Quinn Rebuilds Lives Through 3rd & Goal
By Mary Green
When you’re the starting quarterback of a top-10 team and thousands of fans are cheering, jeering and wearing your No. 10 jersey on Saturdays in the fall, blending in isn’t exactly easy.
But when Brady Quinn walked the Notre Dame campus as a student, he just wanted to fit in with his classmates.
“Go to class. Go to the library and study. Live in the dorms and get to know my roommates. Grab a quick bite at the dining hall whenever I had time,” Quinn said of his to-do list.
He even recalled how he sported “long shaggy hair with a nice flow bucket coming out the back of my helmet, which I guess was cool at the time.”
While some of his classmates might’ve had similar hairstyles, they weren’t two-time Heisman finalists. They didn’t win the Maxwell Award in 2006 as the country’s best overall player, and their jerseys weren’t for sale in the bookstore.
But that didn’t stop Quinn from taking part in typical student activites, like joining clubs like Iron Sharpens Iron, holding on-campus jobs and lacing up for Bookstore Basketball.
The Dublin, Ohio, native still stood out on the bookstore courts, though, where he played with Irish teammates Jeff Samardzija, Adam Fitzgerald, Chinedum Ndukwe and Dan Stevenson and won the tournament twice.
“I still remember playing other students in bookstore basketball and hearing the trash talk from people in the crowd,” he said. “It made me realize that just because these students were fans, it didn’t mean they were your friends.
“So we kicked everyone’s ass in bookstore basketball and did our best to do the same to everyone on the football field and hoped the student body would join with us.”
Along with the bookstore championships, he guided the Irish to a 19-6 record in his final two seasons, the first two under former head coach Charlie Weis, and Notre Dame earned BCS bowl invitations in both those seasons.
Even with such a football-filled résumé today, Quinn still ensures the game isn’t the end-all, be-all of his life.
He’s played in the NFL and delved into the world of sports broadcasting (he just signed a two-year deal with Fox to serve as an analyst for college and NFL games), but Quinn devotes much of his time to 3rd & Goal, the foundation he and his father founded in 2011 to help veterans in need and for which he currently serves as Co-Chair.
“A title is a title,” he said. “I do everything that I can, whether that’s hand writing out thank you notes or running to grab something for an event. We don’t pay anyone a salary with our foundation. Our help is provided out of the goodness of our staff and volunteer’s hearts.”
With the foundation, Quinn still dishes out touchdowns, but this time, they don’t yield six points. Now, a “touchdown” is a term used for a veteran’s rebuilt or remodeled home, and it counts for a revamped life and a fresh start.
By his estimate, Quinn says they’ve helped over 25 families since the foundation’s inception, mainly in Indiana and his home state of Ohio, but as far away as South Florida and Seattle.
“Any type of home re-modification to help soldiers wounded in combat adapt to their transition when they come home,” Quinn said of the group’s work. “We also help our veterans who are deemed at risk to experience homelessness by funding housing. This allows the individual to get back on their feet and save money to afford their own home.”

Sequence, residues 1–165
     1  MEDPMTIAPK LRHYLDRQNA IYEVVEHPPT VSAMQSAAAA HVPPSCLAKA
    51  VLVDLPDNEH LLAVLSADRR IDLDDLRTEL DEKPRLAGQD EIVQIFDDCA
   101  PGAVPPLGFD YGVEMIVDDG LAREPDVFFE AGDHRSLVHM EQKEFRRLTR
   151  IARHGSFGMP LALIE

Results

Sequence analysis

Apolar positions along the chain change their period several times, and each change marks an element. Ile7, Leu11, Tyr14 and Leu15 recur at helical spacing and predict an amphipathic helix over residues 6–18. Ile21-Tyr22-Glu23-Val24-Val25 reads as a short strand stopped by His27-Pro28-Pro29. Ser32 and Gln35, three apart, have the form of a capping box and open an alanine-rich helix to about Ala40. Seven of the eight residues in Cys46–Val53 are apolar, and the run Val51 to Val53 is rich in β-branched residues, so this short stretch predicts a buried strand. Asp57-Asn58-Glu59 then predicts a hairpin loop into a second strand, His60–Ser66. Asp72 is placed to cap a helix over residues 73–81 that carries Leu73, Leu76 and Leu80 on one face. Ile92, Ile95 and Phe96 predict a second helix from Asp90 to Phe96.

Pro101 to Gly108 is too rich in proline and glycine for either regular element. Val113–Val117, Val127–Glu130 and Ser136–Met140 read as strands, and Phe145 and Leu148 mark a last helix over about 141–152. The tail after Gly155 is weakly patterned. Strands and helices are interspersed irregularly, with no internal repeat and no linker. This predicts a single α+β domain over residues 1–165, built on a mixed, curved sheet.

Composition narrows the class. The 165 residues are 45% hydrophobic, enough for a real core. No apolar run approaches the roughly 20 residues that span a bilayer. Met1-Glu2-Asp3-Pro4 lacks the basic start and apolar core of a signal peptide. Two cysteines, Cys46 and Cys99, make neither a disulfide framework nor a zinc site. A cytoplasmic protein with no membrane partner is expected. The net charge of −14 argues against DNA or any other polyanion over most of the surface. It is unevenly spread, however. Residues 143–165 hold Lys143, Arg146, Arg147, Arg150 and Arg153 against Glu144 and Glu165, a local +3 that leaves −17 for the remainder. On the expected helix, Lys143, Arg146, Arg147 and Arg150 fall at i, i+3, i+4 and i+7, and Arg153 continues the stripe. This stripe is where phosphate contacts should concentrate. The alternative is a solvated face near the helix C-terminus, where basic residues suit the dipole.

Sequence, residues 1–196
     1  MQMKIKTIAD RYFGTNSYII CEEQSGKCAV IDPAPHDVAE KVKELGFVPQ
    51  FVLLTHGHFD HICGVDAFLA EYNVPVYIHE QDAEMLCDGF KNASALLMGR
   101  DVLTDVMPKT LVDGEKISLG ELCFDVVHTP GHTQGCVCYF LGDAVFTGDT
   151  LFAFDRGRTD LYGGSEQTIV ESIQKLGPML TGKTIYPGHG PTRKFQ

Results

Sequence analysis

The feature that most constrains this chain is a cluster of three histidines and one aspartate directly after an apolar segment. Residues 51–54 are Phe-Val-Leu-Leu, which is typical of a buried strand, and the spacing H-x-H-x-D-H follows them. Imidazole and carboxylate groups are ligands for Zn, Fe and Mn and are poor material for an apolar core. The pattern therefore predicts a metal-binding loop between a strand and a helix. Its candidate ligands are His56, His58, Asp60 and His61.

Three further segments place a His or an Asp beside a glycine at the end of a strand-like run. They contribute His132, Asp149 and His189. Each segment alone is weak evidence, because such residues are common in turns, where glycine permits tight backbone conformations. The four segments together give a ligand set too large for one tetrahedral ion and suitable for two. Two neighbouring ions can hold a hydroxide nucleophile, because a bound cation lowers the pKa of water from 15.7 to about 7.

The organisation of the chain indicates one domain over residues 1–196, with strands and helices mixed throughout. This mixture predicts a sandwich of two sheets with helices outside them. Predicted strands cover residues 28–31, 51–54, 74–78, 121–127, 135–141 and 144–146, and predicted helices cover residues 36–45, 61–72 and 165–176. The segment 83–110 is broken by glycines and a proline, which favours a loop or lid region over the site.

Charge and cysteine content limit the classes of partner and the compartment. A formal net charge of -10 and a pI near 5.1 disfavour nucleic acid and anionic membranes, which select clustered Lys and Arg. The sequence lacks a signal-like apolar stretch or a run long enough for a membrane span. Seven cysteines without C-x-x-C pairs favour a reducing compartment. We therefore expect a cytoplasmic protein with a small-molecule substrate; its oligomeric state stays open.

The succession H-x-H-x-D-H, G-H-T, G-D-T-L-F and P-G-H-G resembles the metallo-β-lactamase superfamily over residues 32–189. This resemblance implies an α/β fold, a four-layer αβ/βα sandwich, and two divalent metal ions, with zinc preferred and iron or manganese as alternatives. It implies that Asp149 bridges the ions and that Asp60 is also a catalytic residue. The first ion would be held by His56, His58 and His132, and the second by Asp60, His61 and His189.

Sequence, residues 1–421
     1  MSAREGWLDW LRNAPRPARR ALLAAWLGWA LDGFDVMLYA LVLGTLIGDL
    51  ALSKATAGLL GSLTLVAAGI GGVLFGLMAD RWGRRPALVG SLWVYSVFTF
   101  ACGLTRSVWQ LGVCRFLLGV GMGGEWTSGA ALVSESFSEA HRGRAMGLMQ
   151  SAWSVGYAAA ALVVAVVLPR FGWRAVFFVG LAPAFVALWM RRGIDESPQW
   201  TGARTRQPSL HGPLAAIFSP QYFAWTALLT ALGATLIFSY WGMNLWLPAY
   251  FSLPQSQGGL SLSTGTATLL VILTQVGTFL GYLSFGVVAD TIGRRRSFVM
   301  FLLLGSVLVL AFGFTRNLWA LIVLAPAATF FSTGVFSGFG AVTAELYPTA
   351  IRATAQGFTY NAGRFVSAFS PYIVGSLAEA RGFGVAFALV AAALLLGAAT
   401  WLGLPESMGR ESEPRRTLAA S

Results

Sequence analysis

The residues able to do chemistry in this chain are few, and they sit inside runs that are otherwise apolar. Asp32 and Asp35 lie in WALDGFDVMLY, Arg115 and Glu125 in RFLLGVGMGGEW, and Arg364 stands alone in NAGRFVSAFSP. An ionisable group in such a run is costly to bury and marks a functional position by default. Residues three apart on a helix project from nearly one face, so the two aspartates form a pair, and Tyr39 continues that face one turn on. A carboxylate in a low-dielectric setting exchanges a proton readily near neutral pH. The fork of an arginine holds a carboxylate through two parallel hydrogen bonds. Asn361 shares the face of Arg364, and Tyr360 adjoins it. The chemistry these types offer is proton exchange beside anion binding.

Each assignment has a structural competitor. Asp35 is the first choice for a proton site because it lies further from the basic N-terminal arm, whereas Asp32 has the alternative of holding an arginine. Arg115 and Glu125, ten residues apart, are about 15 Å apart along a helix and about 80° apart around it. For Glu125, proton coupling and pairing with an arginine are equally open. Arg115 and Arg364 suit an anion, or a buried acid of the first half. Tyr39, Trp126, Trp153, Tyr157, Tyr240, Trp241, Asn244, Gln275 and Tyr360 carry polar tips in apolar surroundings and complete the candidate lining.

Quinn participated in community service activities while at Notre Dame but said his father, a former Marine and Vietnam veteran, helped inspire the work for the foundation.
“ … The idea for 3&G was something that was rooted in me,” he said. “I come from a family who has had multiple generations of men who have served in this country. Knowing this has always made me desire to find a way to serve as well.”
He co-chairs 3rd & Goal with possibly one of the few people to outrank him in terms of accomplishments: his wife, Alicia (Sacramone) Quinn, the captain of the 2008 American Olympic gymnastics team and the most decorated U.S. gymnast in world championships history.
“I couldn’t have found a more incredible woman to be my best friend,” he said. “I feel truly blessed to have bumped into her at a charity event and that we would one day end up together.”
Though his résumé looks a little different these days — along with his haircut — Quinn’s presence can still be felt on Notre Dame’s campus, and not just from fans who still wear the familiar No. 10 on game days. This year, 3rd & Goal is working with the University’s residence halls to involve current students in its mission.
“My experience while in school and playing football had a profound impact on my life and future endeavors,” he said. “The one common denominator amongst everyone who is a part of ND is that they want to do good. They want to make the world a better place, so it only makes sense to involve such intelligent well intentioned group of people on board. We also feel it’s important that today’s youth realizes the importance of our military and their contributions to keep our country safe.
With the book on his football career still not closed — he said he today feels “the best I’ve ever felt mentally about football” — and his work as an analyst secure for the next two years, Quinn said he and the rest of the foundation are ready to tackle whatever challenges veterans will face in the future.
“I would like to see us help as many soldiers and veterans as possible across the country,” he said. “We will be flexible and adapt to whatever their needs are, so I look forward to the unknown and changing with the times as our foundation continues to grow.”